August 21, 2014

Researchers Pinpoint Factors Influencing Spinach E. coli Contamination

FPBspinachA new research report about E. coli contamination on spinach has been published in the July 2013 issue of Applied and Environmental Microbiology. Scientists found that contamination is “strongly influenced” by the time elapsed since the last irrigation, workers’ personal hygiene and what the field was used for before the spinach was planted.

In February 2013, Taylor Farms spinach was recalled for E. coli contamination, and late last year, 33 people were sickened in a multistate outbreak of E. coli O157:H7 linked to organic spinach. Another E. coli outbreak that sickened 200 people happened in 2006.

Researchers studied spinach farms up to four times per growing season over a period of two years in this study. They pulled 955 spinach samples from 12 farms in Colorado and Texas. They found that 6.6% of spinach samples were positive for genetic E. coli. The most significant risk factors for contamination were proximity of a poultry farm, the use of pond water for irrigation, a greater than 66-day period since the planting of spinach, farming on fields that were previously used for grazing, the production of hay before spinach planting, and farm location in the southwestern United States.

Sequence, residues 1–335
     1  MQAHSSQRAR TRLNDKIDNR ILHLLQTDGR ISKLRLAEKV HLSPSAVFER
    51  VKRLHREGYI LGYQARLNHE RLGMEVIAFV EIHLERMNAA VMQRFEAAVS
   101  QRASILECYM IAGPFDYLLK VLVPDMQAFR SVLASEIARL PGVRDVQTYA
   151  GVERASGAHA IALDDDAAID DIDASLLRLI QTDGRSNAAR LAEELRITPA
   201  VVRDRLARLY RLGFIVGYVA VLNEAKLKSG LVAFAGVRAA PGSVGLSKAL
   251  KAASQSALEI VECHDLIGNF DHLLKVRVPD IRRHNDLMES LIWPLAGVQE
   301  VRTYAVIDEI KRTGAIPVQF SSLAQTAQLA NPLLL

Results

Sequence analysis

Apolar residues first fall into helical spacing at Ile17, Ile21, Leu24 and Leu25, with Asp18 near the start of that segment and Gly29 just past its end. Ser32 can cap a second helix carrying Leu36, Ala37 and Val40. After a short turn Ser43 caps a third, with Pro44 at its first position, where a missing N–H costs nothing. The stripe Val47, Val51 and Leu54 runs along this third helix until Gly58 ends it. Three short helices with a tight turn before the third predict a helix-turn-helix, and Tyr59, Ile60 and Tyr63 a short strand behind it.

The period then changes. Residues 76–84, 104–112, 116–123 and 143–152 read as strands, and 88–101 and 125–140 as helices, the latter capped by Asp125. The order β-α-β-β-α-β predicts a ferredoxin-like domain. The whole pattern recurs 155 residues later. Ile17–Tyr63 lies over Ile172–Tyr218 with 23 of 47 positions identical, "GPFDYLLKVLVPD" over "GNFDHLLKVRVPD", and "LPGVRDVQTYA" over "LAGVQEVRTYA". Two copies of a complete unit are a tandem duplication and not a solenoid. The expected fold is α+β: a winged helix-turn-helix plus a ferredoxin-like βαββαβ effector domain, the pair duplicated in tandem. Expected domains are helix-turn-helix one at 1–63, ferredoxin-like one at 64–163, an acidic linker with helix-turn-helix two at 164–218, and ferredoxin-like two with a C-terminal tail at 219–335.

They also found that contamination was significantly reduced if the plants were harvested more than five days after the last irrigation, and when workers were trained in food safety rules, such as hand-washing stations and the use of portable toilets. The scientists believe that controlling these factors could be cost-effective strategies to control produce contamination.

 

Comments

  1. Denise Taylor says:

    Does buying the frozen spinach decrease chance of e.coli contamination?

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